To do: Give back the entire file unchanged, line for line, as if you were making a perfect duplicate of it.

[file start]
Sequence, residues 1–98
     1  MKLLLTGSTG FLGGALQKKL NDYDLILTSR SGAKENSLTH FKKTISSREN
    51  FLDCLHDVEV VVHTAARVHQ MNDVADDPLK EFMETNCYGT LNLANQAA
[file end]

Sequence, residues 1–98
     1  MKLLLTGSTG FLGGALQKKL NDYDLILTSR SGAKENSLTH FKKTISSREN
    51  FLDCLHDVEV VVHTAARVHQ MNDVADDPLK EFMETNCYGT LNLANQAA